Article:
I'M NOT SCARED A dark and creepy tale of the Italian countryside.
In its second week, PIFF is still holding it down! Here are some choice picks from Mercury PIFF slaves. We are here to serve you!

Bon Voyage (dir. Jean-Paul Rappeneau, France)--Atomic secrets and slapstick figure equally into this whiplash-paced romantic farce set during the Nazi occupation of Paris. It's pleasant enough, with a winning lead performance by the aptly named Gregori Derangere, but lacking the vital spark of lunacy found in the great screwball comedies. Isabelle Adjani still refuses to age. ANDREW WRIGHT 2/21, 8 pm, B2; 2/23, 6 pm, GU

h Deep Breath (dir. Shahbazi, Iran)--Two college-aged juvenile delinquents commit impulsive crimes, like vandalism and carjacking, before a headstrong young woman comes between them. This French New Wave storyline is unexpectedly set in present-day Iran, making for a film universal in theme but fascinatingly specific in location. ANDY SPLETZER 2/23, 8:30 pm, B1; 2/25, 8:30 pm, B1; 2/28, 2 pm, B1

h I'm Not Scared (dir. Salvatores, Italy)--In the golden sunlight of rural Italy, a boy finds another boy chained up in a hole. The kidnapping victim isn't scared because he believes he's already dead. The boy who finds him has his own problems. The beautiful cinematography contrasts nicely with this dark and creepy story. AS 2/20, 6:30 pm, GU; 2/22, 2 pm, GU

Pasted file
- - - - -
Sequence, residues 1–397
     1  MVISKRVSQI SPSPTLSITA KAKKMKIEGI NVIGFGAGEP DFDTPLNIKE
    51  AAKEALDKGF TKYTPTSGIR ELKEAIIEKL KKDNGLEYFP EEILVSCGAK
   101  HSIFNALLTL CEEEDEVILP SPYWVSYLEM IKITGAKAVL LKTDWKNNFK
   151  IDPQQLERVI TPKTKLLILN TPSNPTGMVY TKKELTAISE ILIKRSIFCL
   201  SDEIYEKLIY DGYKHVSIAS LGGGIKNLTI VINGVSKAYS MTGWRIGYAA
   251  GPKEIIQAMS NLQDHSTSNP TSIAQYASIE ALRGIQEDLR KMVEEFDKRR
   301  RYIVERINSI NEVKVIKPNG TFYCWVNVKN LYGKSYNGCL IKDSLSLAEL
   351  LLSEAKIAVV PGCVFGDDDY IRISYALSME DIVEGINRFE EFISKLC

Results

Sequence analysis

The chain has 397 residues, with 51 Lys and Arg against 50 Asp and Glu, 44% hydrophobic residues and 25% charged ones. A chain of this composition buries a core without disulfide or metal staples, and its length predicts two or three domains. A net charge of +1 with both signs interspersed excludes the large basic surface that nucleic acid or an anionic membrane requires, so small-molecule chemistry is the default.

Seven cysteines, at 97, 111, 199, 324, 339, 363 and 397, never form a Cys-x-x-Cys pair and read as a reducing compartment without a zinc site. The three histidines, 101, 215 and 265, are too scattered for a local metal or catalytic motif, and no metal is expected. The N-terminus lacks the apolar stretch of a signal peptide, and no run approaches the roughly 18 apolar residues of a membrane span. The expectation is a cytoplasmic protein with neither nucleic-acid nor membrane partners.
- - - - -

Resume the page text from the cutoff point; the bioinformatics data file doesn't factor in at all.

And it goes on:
h Last Life in the Universe (dir. Ratanaruang, Thailand) Kenji is a lonely Japanese librarian obsessed with suicide and living in Thailand. During one of his many suicide attempts, Kenji witnesses the death of a young hooker who frequented the library, and starts up a relationship with her sister. While this plot has the makings of another "heartwarming tale of redemption," Last Life has dark, interesting underpinnings and enough murderous secrets (i.e. Yakuza) to pull you through the slower sections. WM. STEVEN HUMPHREY 2/21, 9 pm and 2/22, 1 pm B1

Letters in the Wind (dir. Edmond Budina, Italy)--Repeated dream sequences. Significant pauses. Laughing Clowns. Yep, it's one of those foreign films. Overwrought from the first frame, director/star Budina's debut certainly tackles a worthy subject--the rise of corruption and kidnappings in former Communist states--but goes completely nuclear on the symbolism. Fellini would blush. AW 2/21, 8:30 pm, GU; 2/23, 8:15 pm, B2; 2/26, 6 pm, B2

h Los Angeles Plays Itself (dir. Andersen, USA) Don't let the expansive running time dissuade you from seeing one of the most entertaining and informative documentaries of the festival. The subject is Los Angeles and how it's been portrayed on film. Beyond that, it's about history, memory, and popular culture, with a few Arnold Schwarzenegger clips thrown in for good measure. AS 2/22, 3:30, WH; 2/23, 7 pm, WH

h Noi Albinoi (dir. Kari, Iceland)

A hairless, seemingly clueless rebel slouches his way through the fjords, as major chaos waits in the wings. While clearly indebted to deadpan masters Jarmusch and Lynch, this strong debut manages to drift into a darkly funny groove. Just about perfect, within its narrow sensibilities. AW 2/22, 7:30 pm, GU2/24, 6:15, GU

h Since Otar Left (dir. Bertucelli, France)--After a sudden family tragedy, the clan's black sheep and her daughter conspire to keep the truth from their outwardly foggy matriarch (90-year-old Esther Gorintin, a demon in a muumuu). It sounds like the premise for a gooey ya-ya-sister-ish nightmare, but the director and cast sidestep easy sentiment, with moving results. AW 2/19, 7 pm, WH; 2/21, 3:15, GU


WH= Whitsell Auditorium

GU = Guild Theater

B1, B2 = Broadway Cinemas

See Movie Times pg 41, and Film Shorts pg 37, for times, addresses, and more synopses.